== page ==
Does the inability to hear affect the individual's learning experience?

Researchers investigate the link between sensory experience and cognition.

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Learning about the world is believed by many to be affected by all our sensory experiences: sight, hearing, touch, taste and smell. But if one of these experiences is not possible from childhood, is there a gap in our ability to learn? To investigate further, a research team from Oslo and Australia studied whether sound was vital to the cognitive development of children in their study "Does a lack of auditory experience affect sequential learning?“ led by Janne von Koss Torkildsena.

68 children participated in the study. 34 children had normal hearing while the other 34 children were prelingually deaf with cochlear implants (gender and age were equally matched). The children completed a set of implicit visual sequential learning tasks, and following analysis, the results revealed the visual memory and learning ability of children wearing cochlear implants was comparable to normal hearing children.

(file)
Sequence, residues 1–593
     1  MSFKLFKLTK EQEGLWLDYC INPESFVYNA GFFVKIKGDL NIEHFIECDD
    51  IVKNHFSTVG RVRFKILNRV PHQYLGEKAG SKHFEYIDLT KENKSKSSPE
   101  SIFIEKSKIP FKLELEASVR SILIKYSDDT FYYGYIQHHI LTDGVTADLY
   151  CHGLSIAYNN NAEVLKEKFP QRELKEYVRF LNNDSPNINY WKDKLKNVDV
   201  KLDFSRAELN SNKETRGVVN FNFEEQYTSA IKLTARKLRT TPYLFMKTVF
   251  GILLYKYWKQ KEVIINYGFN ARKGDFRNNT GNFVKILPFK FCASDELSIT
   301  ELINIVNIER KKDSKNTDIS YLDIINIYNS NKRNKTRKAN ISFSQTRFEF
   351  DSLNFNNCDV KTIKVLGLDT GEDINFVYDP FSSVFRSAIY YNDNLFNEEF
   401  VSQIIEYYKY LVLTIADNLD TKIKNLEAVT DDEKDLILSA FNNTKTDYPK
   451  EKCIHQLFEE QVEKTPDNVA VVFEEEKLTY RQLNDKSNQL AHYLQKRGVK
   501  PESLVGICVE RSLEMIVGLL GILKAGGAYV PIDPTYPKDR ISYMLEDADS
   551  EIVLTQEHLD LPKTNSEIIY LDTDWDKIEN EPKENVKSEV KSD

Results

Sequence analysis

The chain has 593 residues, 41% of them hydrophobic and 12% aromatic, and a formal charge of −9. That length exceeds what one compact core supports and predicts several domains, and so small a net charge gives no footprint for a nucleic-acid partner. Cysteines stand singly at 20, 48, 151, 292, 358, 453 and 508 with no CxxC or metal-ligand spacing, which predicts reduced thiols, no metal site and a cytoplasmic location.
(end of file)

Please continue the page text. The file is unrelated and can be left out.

The research article is freely available to read by the Science Direct journal here.

Gabrielle Ahern

Managing Editor, npj Science of Learning Community

I am based in Queensland, Australia, and have an interesting portfolio of skills, experience and qualifications in science research and content creation.